In a recent speech to the DA’s KZN provincial congress, Mazibuko said the internal divisions within the ANC were at an all-time high. “A house divided cannot stand,” she said. But she denies that the DA is trying to drive a wedge between individual ANC ministers and tripartite alliance partners as part of, as Cronin put it, a “fool to divide-and-rule” strategy.

“There is no wedge to drive because it (Cosatu) has already thrown itself (out) into the cold and the ANC’s policies contradict (each other) with no help from us. For me, it’s much more important to achieve what we need, even if it means having to cross party lines to understand who is on the same page as we are and what that can mean in terms of lobbying power,” Mazibuko said.

She says she is proud of how her shadow cabinet members have rolled up their sleeves and perform their new roles. She also feels vindicated for the public campaign she ran to succeed Trollip, because the provincial leadership contests are also now public.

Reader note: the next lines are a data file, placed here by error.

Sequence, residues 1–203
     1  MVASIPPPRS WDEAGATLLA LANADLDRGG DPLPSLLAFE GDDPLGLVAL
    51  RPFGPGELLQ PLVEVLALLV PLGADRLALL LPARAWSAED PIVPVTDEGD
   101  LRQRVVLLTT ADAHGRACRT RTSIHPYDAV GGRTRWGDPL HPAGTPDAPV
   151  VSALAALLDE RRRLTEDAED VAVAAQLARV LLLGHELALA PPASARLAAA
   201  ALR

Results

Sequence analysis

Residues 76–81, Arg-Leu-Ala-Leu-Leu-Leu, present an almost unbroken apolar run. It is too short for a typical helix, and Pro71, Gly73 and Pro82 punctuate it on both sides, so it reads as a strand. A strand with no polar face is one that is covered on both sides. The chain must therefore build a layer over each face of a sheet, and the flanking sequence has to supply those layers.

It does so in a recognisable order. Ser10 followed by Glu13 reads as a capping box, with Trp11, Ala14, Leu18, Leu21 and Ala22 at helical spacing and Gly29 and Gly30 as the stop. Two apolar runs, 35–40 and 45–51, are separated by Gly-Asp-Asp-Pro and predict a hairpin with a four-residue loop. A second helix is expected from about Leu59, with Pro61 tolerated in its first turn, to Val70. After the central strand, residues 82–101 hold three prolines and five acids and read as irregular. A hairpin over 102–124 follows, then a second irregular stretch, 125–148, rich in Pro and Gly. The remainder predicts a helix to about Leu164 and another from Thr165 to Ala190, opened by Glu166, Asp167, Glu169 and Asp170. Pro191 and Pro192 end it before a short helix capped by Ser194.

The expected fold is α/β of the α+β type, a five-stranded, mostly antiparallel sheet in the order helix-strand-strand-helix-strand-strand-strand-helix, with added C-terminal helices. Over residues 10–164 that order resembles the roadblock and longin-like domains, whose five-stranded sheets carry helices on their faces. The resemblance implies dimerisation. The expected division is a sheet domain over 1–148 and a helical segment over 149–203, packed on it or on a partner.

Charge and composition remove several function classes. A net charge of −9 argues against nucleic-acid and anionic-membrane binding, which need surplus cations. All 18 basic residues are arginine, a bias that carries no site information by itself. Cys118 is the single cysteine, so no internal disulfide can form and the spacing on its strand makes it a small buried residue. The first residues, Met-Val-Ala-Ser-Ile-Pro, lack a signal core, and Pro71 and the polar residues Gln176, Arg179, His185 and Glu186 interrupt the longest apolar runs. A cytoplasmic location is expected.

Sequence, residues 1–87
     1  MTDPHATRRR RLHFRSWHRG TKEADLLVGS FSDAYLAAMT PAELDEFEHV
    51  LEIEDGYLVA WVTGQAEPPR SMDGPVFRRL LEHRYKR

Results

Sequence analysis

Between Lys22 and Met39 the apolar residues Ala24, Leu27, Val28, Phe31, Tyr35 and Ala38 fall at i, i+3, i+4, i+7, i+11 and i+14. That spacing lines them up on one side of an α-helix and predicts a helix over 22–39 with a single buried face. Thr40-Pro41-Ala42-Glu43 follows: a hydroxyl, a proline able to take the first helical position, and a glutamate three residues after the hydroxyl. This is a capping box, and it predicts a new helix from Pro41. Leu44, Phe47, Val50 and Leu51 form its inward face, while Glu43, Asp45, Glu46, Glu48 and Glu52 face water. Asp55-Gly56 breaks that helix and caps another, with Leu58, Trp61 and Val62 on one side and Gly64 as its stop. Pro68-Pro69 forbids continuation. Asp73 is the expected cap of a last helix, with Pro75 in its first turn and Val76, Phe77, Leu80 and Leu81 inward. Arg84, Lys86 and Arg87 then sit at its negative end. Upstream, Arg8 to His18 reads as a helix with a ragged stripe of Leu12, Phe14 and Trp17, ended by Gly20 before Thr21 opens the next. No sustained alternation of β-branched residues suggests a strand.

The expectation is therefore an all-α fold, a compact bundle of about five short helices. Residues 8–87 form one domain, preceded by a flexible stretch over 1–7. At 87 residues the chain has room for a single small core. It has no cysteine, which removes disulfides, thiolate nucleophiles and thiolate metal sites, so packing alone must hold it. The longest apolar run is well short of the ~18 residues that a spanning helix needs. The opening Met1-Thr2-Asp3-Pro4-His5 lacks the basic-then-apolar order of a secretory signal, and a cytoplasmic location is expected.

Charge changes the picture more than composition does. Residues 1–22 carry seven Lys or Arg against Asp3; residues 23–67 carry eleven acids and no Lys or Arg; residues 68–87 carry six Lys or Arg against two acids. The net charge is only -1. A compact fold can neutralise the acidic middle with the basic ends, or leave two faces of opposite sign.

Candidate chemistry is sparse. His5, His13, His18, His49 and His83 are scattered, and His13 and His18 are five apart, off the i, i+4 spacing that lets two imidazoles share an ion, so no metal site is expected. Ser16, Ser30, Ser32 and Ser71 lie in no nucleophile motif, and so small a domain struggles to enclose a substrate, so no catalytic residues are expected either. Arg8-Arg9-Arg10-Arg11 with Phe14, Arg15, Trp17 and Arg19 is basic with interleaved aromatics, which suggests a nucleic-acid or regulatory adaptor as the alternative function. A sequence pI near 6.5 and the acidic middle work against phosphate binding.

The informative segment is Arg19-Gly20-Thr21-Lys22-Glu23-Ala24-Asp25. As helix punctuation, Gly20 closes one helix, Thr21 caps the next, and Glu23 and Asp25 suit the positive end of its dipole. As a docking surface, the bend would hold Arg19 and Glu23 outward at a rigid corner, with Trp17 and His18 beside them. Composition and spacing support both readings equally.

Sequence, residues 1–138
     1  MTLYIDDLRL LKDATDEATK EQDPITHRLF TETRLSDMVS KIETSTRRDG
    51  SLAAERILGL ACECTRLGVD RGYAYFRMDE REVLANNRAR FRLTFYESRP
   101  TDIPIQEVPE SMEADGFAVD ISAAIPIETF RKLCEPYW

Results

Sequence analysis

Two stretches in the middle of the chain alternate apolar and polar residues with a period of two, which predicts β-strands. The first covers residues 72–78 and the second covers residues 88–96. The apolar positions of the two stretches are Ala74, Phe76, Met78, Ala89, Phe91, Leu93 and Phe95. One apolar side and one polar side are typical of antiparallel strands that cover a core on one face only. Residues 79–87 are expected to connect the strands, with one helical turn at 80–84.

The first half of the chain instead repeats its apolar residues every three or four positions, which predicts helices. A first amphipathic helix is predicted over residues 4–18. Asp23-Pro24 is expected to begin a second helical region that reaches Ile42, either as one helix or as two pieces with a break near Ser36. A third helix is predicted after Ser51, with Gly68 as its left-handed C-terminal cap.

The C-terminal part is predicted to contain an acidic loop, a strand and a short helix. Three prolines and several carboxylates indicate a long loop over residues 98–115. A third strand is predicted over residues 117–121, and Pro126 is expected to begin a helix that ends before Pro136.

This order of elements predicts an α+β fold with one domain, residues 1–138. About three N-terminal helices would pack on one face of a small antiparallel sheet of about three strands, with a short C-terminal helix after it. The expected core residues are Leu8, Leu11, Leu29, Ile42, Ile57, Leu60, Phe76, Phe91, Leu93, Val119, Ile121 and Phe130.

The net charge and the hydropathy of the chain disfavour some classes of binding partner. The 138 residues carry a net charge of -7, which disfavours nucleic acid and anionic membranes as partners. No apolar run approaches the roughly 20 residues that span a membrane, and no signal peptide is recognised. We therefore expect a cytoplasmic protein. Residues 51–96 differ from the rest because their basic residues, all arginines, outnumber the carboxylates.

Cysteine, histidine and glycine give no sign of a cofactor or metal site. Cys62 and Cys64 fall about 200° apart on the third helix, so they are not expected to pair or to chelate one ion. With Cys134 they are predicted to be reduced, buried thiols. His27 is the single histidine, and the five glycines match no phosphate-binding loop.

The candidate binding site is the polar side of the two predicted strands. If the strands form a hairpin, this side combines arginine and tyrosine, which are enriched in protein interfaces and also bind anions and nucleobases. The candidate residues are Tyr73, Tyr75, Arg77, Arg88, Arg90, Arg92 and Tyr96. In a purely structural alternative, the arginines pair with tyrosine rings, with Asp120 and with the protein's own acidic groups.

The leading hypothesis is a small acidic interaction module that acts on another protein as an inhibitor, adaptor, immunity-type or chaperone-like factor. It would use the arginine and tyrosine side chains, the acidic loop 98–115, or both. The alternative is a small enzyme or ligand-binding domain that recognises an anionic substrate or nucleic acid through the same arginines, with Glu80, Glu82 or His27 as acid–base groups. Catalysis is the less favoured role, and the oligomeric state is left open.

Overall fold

“I had absolute conviction about how important this (a public campaign) was because it had to be a litmus test for how internal elections work in a party other than the ANC. The DA has internal elections all the time, and this was the first time it had ever been this public. People don’t really know that a political organisation can have contestations and move on without toppling the organisation.”

Mazibuko contends that the ANC’s artificial bans on succession discussions and its leadership’s public disavowals of ambition only drive the campaigning underground, to the detriment of the party and the country. Echoing what party leader Helen Zille had said at last weekend’s provincial congress, Mazibuko said ambition lies at the heart of politics.

“People are turned off by the notion of bare-faced competition and are confused when it’s an acceptable part of democratic discourse. That is why the ANC’s ‘the party is calling me to serve’ philosophy seems so humble and nice.

“Standing up and saying ‘I’m the man for the job’, canvassing and testing your support, all these things seem venal, but they are not. They are part and parcel of democracy and can only be good for South Africa,” she said.